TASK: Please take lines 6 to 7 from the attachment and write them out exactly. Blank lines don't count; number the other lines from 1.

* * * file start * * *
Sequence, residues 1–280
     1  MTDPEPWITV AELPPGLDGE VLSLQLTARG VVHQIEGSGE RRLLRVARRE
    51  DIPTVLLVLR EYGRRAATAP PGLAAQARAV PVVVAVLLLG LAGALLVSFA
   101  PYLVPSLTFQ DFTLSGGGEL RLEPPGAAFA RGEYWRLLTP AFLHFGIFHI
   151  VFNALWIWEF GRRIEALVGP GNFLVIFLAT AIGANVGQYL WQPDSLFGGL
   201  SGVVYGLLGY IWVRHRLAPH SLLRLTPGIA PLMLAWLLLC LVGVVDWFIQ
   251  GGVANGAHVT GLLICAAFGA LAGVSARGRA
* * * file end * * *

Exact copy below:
   201  SGVVYGLLGY IWVRHRLAPH SLLRLTPGIA PLMLAWLLLC LVGVVDWFIQ
   251  GGVANGAHVT GLLICAAFGA LAGVSARGRA